A card addressed to the defendant was found near the gravesite and ballistic evidence indicated that metal fragments found in the dismembered bodies had been fired from the defendant's gun. Tire prints found near the gravesite were identified as having been made by the truck. When the police and the sheriff went to the blockhouse to arrest the defendant, they saw blood on the floor at the entrance to the building. The officers broke open the door and arrested the defendant on the roof of the building. At that time he was armed with a loaded .45-caliber automatic and a 12-gauge shotgun.
Items which were taken from the defendant's home and introduced into evidence were an ax, a broom, a five-gallon bucket, a sales slip, some sand, some soil and two small boards. Tests revealed the presence of human blood on each of these items. Also taken from the defendant's home and introduced into evidence were a small amount of substance believed to be human flesh and a piece of paper similar to paper found at the gravesite.
In light of the overwhelming evidence of guilt the appellate court properly held that any error committed in the introduction of these items into evidence was harmless error beyond a reasonable doubt. (Fahy v. Connecticut, 375 U.S. 85, 11 Ill. Ed.2d 171, 84 S.Ct. 229; Chapman v. California, 386 U.S. 18, 17 L.Ed.2d 705, 87 S.Ct. 824; Harrington v. California, 395 U.S. 250, 23 L.Ed.2d 284, 89 S.Ct. 1726; Schneble v. Florida, 405 U.S. 27, 31 L.Ed.2d 340, 92 S.Ct. 1056.) However, for the reason stated later, this case must be remanded to the appellate court for consideration of other issues. We must therefore review the propriety of the appellate court's holding that the warrantless search and seizure violated the defendant's fourth-amendment rights as a guide to the trial court in the event a retrial is necessary.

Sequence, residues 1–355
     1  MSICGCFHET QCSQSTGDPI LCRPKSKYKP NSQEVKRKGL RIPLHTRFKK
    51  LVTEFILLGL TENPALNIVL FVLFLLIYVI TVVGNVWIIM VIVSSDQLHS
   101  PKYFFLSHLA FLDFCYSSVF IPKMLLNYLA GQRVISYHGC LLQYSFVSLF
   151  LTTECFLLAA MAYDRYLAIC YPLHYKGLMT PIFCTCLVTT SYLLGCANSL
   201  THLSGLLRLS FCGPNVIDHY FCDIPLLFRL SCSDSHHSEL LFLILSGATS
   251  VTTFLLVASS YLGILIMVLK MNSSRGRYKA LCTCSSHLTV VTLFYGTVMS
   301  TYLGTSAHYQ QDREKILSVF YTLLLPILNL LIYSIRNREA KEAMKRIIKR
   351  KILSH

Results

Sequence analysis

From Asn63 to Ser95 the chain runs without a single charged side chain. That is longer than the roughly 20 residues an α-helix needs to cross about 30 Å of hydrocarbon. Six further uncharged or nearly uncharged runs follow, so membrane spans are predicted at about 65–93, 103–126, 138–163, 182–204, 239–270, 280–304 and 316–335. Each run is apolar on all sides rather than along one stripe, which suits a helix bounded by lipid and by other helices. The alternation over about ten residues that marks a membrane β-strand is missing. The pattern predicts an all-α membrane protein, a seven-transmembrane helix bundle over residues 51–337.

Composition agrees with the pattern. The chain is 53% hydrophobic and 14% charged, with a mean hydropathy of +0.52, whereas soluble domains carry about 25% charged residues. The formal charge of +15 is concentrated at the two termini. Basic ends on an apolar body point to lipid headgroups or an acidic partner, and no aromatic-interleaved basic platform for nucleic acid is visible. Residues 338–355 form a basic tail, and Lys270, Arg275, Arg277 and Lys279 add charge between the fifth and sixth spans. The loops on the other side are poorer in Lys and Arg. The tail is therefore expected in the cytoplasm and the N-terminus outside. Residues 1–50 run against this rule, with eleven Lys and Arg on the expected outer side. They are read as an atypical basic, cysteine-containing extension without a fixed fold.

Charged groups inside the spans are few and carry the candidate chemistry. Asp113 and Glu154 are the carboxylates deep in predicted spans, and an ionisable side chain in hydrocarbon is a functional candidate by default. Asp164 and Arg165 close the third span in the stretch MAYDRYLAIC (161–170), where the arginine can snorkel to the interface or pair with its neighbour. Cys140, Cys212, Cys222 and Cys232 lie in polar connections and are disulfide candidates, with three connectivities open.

The search and seizure in this case occurred before the decision of the United States Supreme Court in Chimel v. California (June 23, 1969), 395 U.S. 752, 23 L.Ed.2d 685, 89 S.Ct. 2034. The decision in Chimel does not apply to searches conducted prior to that decision. (Williams v. United States, 401 U.S. 646, 28 L.Ed.2d 388, 91 S.Ct. 1148.) Therefore, the validity of the search and seizure incident to the arrest in this case must be judged by pre-Chimel standards.
The defendant contends that after he was arrested and taken to the jail, the officers could have procured a search warrant before conducting a search of his residence. The test relating to a warrantless search prior to Chimel was not whether a warrant could have been secured but whether the search without a warrant was reasonable. (United States v. Rabinowitz, 339 U.S. 56, 94 L.Ed. 653, 70 S.Ct. 430; People v. Hanna, 42 Ill.2d 323; see also People v. Pickett, 39 Ill.2d 88; People v. Brown, 38 Ill.2d 353; People v. Harris, 34 Ill.2d 282; People v. Jones, 31 Ill.2d 240; People v. DiGerlando, 30 Ill.2d 544; People v. Watkins, 19 Ill.2d 11.) "That criterion in turn depends upon the facts and circumstances the total atmosphere of the case." (339 U.S. at 66, 94 L.Ed. at 660.) We therefore find no merit in the defendant's contention that the search was invalid because it would have been practical for the officers to obtain a search warrant.
In determining the reasonableness of the search "The critical issue in each case must be whether the situation that confronted the officer[s] justified the search. * * * Other courts are in accord. They * * * have examined the nature of the offense and the surrounding circumstances to determine whether the search was warranted. [Citations.]" (People v. Watkins, 19 Ill.2d at 18.) In the present case in determining the validity of the search and seizure "it is the reasonableness of the search * * * which is of primary importance and ...